Rudi Klein offers an update on the plan to reform retention practice in the construction industry with a brand-new system

Rudi Klein_Feb2018_cutout BW

Are we looking at the beginning of the endgame to resolve the retentions issue? Let’s retrace the steps so far.

Following a Specialist Engineering Contractors’ Group-sponsored amendment to the Enterprise Bill in 2015, the government undertook to review the retentions system. Consultant Pye Tait carried out the review; its findings were published in October 2017 alongside a consultation document issued by the UK business department.

The figures that emerged were alarming: “An estimated £7.8bn [worth of cash retentions] has been unpaid across the construction sector over the last three years – £2.6bn per year.” Every working day almost £1m-worth of retentions are, on average, being lost due to upstream insolvencies – and this figure predates the retention losses due to Carillion’s insolvency.

We could now be on the verge of tackling the widespread abuse associated with a practice that has soured relationships in the industry for almost 200 years

As both government and industry debate a solution, these losses rack up. The balance sheets of some of the UK’s largest contracting companies are struggling to stay healthy, with the spotlight now on Kier Group. Retentions are inevitably lost in an insolvency.

Pye Tait concluded that abuse of the system was rife and there was only one alternative to the status quo – putting retentions in a ring-fenced account. After all, the money legally belongs to the party from which it has been deducted.

The government’s consultation revealed a three-way split in opinions between:

  • Retaining the status quo
  • Legislative ring-fencing of the money
  • A legislative ban on retentions.

Since then the business department has held roundtable meetings with industry stakeholders and clients.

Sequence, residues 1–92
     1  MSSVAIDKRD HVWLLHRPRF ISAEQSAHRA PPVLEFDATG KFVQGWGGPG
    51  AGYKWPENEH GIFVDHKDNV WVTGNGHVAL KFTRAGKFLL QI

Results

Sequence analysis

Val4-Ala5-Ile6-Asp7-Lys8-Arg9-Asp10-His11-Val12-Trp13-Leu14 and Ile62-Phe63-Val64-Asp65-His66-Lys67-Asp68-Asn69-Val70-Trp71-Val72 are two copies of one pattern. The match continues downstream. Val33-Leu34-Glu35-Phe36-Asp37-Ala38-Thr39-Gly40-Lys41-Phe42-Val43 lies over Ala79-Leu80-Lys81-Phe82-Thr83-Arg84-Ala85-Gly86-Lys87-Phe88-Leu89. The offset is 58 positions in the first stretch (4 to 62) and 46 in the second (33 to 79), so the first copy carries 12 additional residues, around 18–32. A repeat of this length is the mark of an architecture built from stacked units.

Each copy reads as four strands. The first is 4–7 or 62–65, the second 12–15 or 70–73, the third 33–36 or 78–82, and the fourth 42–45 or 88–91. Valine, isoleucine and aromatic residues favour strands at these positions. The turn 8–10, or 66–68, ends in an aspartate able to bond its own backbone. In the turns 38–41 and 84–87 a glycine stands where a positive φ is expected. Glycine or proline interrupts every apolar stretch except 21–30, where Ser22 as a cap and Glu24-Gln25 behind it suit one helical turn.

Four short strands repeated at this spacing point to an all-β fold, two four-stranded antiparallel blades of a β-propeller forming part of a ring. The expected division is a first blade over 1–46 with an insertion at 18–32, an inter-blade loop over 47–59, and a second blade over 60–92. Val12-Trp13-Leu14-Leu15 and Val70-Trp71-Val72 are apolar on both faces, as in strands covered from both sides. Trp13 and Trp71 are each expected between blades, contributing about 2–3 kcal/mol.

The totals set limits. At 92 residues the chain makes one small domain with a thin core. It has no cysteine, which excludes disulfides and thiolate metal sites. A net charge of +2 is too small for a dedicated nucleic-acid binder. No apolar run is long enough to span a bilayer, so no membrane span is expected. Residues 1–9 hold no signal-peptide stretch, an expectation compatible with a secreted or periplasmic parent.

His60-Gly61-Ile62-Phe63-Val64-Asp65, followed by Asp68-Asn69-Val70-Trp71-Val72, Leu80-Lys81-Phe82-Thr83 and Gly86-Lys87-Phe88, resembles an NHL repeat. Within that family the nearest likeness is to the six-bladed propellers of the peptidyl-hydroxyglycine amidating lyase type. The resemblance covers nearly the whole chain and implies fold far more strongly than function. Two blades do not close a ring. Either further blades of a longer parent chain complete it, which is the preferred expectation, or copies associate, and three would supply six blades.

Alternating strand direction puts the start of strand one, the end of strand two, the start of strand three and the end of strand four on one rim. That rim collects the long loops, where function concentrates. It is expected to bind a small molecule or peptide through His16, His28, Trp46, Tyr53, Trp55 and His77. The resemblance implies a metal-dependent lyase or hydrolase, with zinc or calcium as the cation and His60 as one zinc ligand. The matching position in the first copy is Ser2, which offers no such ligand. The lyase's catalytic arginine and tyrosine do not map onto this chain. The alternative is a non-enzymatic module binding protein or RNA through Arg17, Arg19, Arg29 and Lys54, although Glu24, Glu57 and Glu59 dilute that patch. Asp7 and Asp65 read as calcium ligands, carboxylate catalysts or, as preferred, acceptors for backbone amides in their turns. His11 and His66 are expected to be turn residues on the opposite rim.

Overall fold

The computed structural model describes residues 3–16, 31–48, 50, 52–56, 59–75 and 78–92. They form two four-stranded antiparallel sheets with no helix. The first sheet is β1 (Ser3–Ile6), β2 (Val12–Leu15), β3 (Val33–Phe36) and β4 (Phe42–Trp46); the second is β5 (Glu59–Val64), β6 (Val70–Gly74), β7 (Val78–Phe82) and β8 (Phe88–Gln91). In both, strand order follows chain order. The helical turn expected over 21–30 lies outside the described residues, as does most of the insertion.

The option for a ban was initially thought to be possible to implement by substituting cash retentions with sureties. The high cost and lack of access to the surety market by more than 90% of contractors rendered this option unworkable. 

Hovering above these proceedings has been the Construction (Retention Deposit Schemes) Bill, laid by Peter Aldous MP a week before Carillion went under. This was a facilitative bill giving the business secretary powers to authorise and regulate schemes for protecting retention money. Retention clauses will be outlawed unless the money is placed in a ring-fenced account.

The bill has the support of 275 MPs and more than 89 organisations in the industry but currently is in limbo as a result of Brexit-related disruption to the parliamentary timetable. Speaking in the House of Commons on 19 June 2019, Kelly Tolhurst, the small business minister, signalled the determination of the government to move ahead on this issue, saying: “We have told the industry that we expect it to come to a consensus on a way forward, and we will take action if it does not.”

Work has already been undertaken to create a digital platform to protect retention money. This has been led by Pay2escrow (a financial services company) under a proposed consortium comprising Willis Towers Watson (insurance broker), a digital innovation business, the University of Northumbria (for research support), leading software providers and the Specialist Engineering Contractors’ Group. Support for this work has come from a range of industry bodies including the Federation of Environmental Trade Associations, the National Federation of Builders and the Federation of Master Builders.

The platform will look similar to online banking. When a client deducts a cash retention, the money (comprising all the supply chain’s retentions) will be deposited in a ring-fenced trust account. If a tier one contractor deducts a retention from its supply chain that is greater than that demanded by its clients, the difference will also have to be deposited in the account.

In the event of an insolvency anywhere in the supply chain or failure by a firm to return to rectify non-compliant work, a mutual insurance fund will step in. This will cover the client in the event that there is a shortfall in the retention pot. The cost of the insurance premium will be roughly £230 for every £100,000 of contract value (a mere 0.23%, in comparison with the usual 5% figure for retentions), which is likely to reduce as calculating insolvency risk improves. This scheme could be owned by the industry through a charitable organisation.

We are at the stage where work can commence on a 12- to 18-month pilot scheme. Funding is now being sought to enable this to progress. Fully developing and testing a software platform would help inform policy and regulation in this area. 

If retention money cannot be used to bolster working capital or invest in the overnight money markets, there may be little point in persisting with cash retentions. We could now be on the verge of tackling the widespread abuse associated with a practice that has soured relationships in the industry for almost 200 years.

Rudi Klein is a barrister and chief executive of the Specialist Engineering Contractors’ Group 

  • The issues in this article are more fully explored in a paper recently published by the Society of Construction Law entitled Payment in the Construction Industry: Where Are We Now?